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Basic Layout Signalling

In practice you can get away with relatively few signals on a layout, which is a help if you want the things to work. For sidings and the like non-working ground disc signals can be used, these coexisted with electric colour light signals in some locations until the late 1990's and look like remaining in use for many years yet.

Note that the distance between the 'Home' signal protecting the entrance to the station and the 'Starter' signal controlling the departure end must be at least as great as the longest train that will use the line, usually a little more. Hence, even if your station is a small halt on a branch line with a two coach platform, the signals for the arrival and departure end of any platform must be as far apart as at any normal sized station on the same line. A common mistake seen on layouts it to have these signals much too close together.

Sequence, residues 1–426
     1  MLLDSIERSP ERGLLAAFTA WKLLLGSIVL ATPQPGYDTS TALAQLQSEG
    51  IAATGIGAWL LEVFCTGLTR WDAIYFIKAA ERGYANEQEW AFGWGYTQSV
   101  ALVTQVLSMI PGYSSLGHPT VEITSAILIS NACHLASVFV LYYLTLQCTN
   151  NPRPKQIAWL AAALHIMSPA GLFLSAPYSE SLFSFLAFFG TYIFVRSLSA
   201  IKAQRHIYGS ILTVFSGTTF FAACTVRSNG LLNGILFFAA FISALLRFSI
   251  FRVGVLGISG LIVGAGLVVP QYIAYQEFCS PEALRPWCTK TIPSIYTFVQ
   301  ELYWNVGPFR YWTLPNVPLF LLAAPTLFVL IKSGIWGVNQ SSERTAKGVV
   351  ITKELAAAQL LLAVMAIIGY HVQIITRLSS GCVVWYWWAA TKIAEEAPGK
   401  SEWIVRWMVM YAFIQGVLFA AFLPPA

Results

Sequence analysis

Electric and electro-hydraulic semaphore signals were not common on the railways prior to the 1980's. Mechanical signals require a signal box and if a level crossing was required then a logical move was to place the signal box there, so the signalman could operate the crossing gates as well as the local signals. It would be unusual to see a gated level crossing without a signal box next to it but in some locations they had a small cottage for a 'crossing keeper'. If the road crossing the railway was at all busy the crossings with only a keepers cottage were often eventually replaced by a road bridge, often quite a hump-backed affair.